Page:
But that, more than ever, might make us ask about the place of God, about where God is in the midst of the storms. This, of course, is Job’s question. In the verses we heard today, Job trusts that there’s some wisdom of God’s in the storms, a decree and shape for winds and lightning bolts, some kind of divine plan for where waters will flow. In interesting poetic language, Job declares that even Death and Destruction don’t understand this. We might take that to mean the storms aren’t only the work of punishment or disaster, but something more.

Yet even while these verses proclaim some confidence in or acceptance of God’s work and wisdom in the inexplicable, Job won’t give up his protest. In this same speech a few paragraphs later, he accuses God of hurling him to and fro, saying “you blow me apart in the tempest” (30:22, NJB). So it seems we must deal with agency, of God causing the storms, of these, indeed being acts of God.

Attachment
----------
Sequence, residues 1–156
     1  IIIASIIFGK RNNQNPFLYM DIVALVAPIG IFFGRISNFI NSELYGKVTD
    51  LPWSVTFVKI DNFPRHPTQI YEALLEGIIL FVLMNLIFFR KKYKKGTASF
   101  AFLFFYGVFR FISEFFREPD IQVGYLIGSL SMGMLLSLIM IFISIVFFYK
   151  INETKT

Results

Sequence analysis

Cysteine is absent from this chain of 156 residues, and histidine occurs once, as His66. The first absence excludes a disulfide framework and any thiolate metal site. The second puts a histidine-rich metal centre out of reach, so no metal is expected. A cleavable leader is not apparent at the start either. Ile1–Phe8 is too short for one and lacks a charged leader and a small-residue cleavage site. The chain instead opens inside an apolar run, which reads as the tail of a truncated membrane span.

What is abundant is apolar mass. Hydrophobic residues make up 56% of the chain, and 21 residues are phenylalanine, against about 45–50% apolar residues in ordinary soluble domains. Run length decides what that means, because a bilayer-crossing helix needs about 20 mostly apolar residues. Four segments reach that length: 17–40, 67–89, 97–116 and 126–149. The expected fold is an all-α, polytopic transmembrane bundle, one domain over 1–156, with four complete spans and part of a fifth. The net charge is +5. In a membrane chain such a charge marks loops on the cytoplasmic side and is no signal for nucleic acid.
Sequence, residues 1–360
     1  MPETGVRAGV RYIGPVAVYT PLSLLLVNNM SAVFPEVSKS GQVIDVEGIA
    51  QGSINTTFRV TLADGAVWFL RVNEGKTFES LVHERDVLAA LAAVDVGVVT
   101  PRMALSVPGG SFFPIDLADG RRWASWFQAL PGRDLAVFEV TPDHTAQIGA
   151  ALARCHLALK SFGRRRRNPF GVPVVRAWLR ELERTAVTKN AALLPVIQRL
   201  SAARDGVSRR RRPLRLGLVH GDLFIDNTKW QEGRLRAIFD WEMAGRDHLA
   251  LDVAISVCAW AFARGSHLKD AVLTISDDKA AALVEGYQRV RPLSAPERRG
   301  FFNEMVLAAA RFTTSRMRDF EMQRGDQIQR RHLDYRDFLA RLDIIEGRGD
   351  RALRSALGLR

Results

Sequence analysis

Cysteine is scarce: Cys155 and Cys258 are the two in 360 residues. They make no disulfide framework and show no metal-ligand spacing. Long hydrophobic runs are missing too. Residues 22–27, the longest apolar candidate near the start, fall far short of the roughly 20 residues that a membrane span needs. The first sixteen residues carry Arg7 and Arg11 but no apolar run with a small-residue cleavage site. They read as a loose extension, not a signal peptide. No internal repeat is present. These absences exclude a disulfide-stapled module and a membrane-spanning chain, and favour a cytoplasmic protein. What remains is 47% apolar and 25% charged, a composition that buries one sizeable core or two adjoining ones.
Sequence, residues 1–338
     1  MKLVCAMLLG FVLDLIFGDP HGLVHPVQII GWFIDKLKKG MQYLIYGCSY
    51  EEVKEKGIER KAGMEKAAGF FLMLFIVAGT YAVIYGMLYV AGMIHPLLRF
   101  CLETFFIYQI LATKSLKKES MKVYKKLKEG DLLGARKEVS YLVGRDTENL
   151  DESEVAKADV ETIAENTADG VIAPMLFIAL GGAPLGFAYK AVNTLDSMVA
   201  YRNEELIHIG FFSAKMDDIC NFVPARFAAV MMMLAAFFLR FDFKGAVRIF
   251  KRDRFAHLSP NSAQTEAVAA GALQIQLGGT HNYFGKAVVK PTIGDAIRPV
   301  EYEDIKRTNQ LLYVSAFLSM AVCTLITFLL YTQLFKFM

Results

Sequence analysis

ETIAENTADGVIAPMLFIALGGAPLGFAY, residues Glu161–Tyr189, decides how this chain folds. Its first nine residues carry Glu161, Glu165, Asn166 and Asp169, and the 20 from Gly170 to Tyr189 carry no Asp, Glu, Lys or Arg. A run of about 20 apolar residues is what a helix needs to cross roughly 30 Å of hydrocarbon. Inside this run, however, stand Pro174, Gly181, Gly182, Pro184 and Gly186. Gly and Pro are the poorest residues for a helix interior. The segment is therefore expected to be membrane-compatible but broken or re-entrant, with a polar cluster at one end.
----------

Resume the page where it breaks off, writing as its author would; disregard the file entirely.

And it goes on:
For that, the Gospel reading supposes two alternate possibilities. On the one hand, if the storm is allowed to wreak its havoc, if the waves swamp us and danger threatens to overpower us, if we are in some figurative or actual way “sunk,” then we have to wonder if God is asleep at the wheel, if Jesus is snoozing in the back of the boat and not at all mindful of our trauma or terrors. The version of this story in Mark’s Gospel has the disciples begging the incisive question, “Don’t you care that we’re perishing?!”

With the other perspective, it may seem that in that instance (at least) God cared. Jesus woke up and the one with power to command the winds and the water rebuked the storm, and the raging waves ceased.